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Simply no place like Manila |


Simply no place like Manila

BRIEF HISTORIES - Don Jaucian - The Philippine Star
Simply no place like Manila

Images courtesy of @Manilaandmore

It seems a little bizarre to put out a Manila city guide in 2017. As news of the drug war, embattled politicos, and the deteriorating state of human rights populate social media timelines, there might be fewer things to look forward to in this city.

Just a few months ago, an Israeli guy I met in Rome asked if he should still push through with his planned vacation in the Philippines with his boyfriend. I was a little hesitant to say he should, what with all the news of martial law in Mindanao and the spate of killings in Manila’s streets every night. I left his question hanging, unsure of what to say, as the situation in the country was becoming more volatile every day.

Recently, I was told that a Manila city guide I worked on was finally being published. Called Manila, Manila, and More, the book is publisher and editor Raymond Ang’s brainchild and took three years in the making. It seemed to come at a curious time, reminding readers and tourists-to-be that there might just be more reasons to consider coming to Manila.

Divided into three chapters — the “posh” Manila of the business districts and bigger satellite cities, the charming Old Manila, and “more” being the destinations outside the capital — Manila, Manila, and More is filled with hotel recommendations, food and pasalubong guides, neighborhood tours and cultural destinations and is intended as a guide to the metro’s sprawl, to make sense of its chaos and rhythm, if only for a little bit.

For the book, I helped produce the Old Manila section, a chapter dedicated to the heritage-rich areas of the metro, from the (crumbling) art deco buildings of Escolta, Malate’s cultural and culinary playgrounds, to the hidden gems of Pasay. I remembered then the swelling feeling I had in going to these places, talking to residents as they recommend places to go and sights to see. Each bar, park and building thrived with the energy of the people, reminding us that life goes on, whatever happens.

Ang collaborated with Serious Studio for the design of the book, which captures the halo-halo culture that runs amok in our country’s capital.

“The cover reflects exactly that,” Kookie Santos of Serious Studio said during the book launch.





From the Makati skyline to the walls of Intramuros, to shopping bags and dirty ice cream carts, the cover of Manila, Manila, and More is a reflection of the wealth of surprises Manila has to offer. “We put everything on the cover. What are the good things about Manila? It’s imperfect, it’s cramped; it’s overwhelming and it has a lot to offer.”

Manila has gradually transformed in the last few years. Blame the pockets of development to neighborhoods — Maginhawa, Poblacion, Escolta and even a little compound in Pasay — that make us reconsider the city as a sprawling expanse of traffic and noise (both visual and aural). Local publications and websites have mapped out these restaurants, galleries, bars, and other unique destinations that have sprouted around the city. So maybe it’s high time that a guide to Manila was presented by locals, people who actually know its nooks and crannies well — and this is what Manila… aims to provide, a tour of the city through the local’s eyes and ears.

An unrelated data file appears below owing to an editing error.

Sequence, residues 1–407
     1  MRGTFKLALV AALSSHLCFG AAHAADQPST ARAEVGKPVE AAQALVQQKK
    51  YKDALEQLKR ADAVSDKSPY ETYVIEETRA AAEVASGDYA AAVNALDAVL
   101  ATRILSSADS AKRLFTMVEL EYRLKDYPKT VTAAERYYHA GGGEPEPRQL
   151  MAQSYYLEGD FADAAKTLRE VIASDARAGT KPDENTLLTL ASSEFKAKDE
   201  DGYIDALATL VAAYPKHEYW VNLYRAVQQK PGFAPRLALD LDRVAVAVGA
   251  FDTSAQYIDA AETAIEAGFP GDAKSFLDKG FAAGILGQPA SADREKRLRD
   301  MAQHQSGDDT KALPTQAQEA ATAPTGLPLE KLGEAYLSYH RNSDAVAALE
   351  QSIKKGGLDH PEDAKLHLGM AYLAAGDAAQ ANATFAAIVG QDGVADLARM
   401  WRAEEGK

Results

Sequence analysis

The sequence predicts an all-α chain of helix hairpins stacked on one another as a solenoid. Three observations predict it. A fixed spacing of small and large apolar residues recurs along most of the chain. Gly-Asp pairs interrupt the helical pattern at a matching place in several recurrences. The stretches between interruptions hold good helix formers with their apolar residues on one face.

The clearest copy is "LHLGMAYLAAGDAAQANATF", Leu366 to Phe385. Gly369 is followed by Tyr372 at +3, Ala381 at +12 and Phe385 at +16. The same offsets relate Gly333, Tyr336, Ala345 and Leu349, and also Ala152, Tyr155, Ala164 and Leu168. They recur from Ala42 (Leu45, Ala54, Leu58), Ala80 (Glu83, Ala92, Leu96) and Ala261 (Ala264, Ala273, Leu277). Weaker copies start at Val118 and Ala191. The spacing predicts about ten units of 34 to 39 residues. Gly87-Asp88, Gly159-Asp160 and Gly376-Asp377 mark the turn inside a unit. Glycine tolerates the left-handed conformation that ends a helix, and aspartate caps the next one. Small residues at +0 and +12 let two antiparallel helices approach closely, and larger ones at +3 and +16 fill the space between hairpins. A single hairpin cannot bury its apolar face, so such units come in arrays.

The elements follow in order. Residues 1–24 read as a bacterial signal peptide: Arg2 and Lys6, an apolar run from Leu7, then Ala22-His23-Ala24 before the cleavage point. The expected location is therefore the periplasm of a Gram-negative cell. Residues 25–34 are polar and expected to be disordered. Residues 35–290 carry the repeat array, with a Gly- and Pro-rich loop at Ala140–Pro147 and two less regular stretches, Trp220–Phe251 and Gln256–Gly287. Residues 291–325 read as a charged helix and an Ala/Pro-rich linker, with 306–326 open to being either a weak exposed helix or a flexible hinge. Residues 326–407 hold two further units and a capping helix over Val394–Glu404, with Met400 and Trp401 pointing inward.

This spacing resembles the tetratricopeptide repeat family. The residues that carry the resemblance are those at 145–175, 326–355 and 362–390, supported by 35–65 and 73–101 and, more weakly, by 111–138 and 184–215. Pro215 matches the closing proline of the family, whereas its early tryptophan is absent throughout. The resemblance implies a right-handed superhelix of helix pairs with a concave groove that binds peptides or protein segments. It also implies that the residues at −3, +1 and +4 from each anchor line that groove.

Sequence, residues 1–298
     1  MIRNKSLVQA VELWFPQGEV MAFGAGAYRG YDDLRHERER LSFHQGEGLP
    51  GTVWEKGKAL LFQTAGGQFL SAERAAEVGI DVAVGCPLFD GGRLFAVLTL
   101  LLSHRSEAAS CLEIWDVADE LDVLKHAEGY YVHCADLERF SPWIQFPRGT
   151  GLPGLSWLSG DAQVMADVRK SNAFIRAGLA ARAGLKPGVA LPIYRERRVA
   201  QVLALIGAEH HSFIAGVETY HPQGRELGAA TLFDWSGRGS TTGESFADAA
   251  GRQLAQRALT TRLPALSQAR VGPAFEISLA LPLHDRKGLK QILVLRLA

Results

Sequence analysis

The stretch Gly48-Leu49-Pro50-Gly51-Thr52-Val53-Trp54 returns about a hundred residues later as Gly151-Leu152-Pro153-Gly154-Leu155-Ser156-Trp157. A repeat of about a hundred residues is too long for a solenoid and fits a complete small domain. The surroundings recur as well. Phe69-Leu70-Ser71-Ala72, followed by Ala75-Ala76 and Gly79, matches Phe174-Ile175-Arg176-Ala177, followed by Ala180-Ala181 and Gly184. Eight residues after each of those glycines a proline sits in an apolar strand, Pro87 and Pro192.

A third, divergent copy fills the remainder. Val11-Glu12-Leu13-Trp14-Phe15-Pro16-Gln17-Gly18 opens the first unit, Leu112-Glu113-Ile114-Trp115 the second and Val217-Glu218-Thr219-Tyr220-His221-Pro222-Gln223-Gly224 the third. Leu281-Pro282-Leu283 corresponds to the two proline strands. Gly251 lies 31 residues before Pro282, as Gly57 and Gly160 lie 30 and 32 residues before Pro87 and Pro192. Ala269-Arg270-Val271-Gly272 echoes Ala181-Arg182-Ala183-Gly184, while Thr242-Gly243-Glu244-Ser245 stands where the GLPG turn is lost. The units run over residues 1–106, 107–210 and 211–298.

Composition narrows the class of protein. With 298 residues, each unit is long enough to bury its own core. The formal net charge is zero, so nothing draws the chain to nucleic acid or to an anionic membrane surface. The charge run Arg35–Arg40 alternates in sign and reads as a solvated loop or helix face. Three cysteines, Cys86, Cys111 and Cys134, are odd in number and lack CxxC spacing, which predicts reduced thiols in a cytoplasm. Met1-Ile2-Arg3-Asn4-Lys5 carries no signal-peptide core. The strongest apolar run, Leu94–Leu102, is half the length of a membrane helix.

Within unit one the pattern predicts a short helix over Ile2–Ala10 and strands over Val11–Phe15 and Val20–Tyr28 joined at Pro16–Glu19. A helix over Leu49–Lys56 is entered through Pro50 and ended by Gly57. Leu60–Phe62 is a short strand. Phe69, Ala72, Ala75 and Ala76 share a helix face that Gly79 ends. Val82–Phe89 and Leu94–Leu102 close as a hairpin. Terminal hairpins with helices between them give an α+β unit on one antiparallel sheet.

During the launch, representatives from the communities of emerging neighborhoods of Poblacion, Maginhawa, Pasay, and Escolta (where the launch was held during the Escolta Block Party) discussed what it’s like to be at the forefront of the changes Manila’s cities have seen over the past years. Maginhawa has turned into a foodie strip; Poblacion a hip alternative to Makati’s bustling business side; Pasay a respite from the larger stretch of Manila; and Escolta a reminder of the glorious charm that the capital used to have.

But in these neighborhoods, talk of gentrification has emerged so it will take an effort from creatives and artists doing business and practice in these areas to keep these efforts inclusive.

“We have not reached the tipping point in Escolta,” says Marika Constantino of 98B, the artist collective responsible for igniting the revitalization of the street. “We have not involved enough people, the people along the street in the activities. Part of the dream is that it trickles down to all the stakeholders — that everyone has a sense of ownership or belonging to what’s happening.”

“It almost seems as if every problem, every crisis, arises just to prove the aliveness of this city; continually destroyed and continually rebuilt, ever decaying and ever re-greening,” wrote Nick Joaquin in his book Mania, My Manila, a quote that Ang invokes in his introduction to the book.

Manila, Manila, and More comes at a crucial point to remind us that there is much to love about the cities that we live in, and that we have to fight the good fight for everyone to thrive and fall in love even more with the places that we call home.

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Manila, Manila, and More is available at National Book Store, PowerBooks, and all major bookstores nationwide.

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